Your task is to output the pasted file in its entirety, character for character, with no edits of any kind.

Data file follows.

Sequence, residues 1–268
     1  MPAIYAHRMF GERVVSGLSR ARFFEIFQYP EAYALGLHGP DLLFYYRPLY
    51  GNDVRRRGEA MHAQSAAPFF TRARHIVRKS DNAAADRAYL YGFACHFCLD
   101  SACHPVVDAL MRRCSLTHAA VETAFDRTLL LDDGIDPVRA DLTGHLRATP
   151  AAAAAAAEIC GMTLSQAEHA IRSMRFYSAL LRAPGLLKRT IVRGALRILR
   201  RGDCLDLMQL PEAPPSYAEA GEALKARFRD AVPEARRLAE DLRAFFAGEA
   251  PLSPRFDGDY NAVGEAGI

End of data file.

Sequence, residues 1–268
     1  MPAIYAHRMF GERVVSGLSR ARFFEIFQYP EAYALGLHGP DLLFYYRPLY
    51  GNDVRRRGEA MHAQSAAPFF TRARHIVRKS DNAAADRAYL YGFACHFCLD
   101  SACHPVVDAL MRRCSLTHAA VETAFDRTLL LDDGIDPVRA DLTGHLRATP
   151  AAAAAAAEIC GMTLSQAEHA IRSMRFYSAL LRAPGLLKRT IVRGALRILR
   201  RGDCLDLMQL PEAPPSYAEA GEALKARFRD AVPEARRLAE DLRAFFAGEA
   251  PLSPRFDGDY NAVGEAGI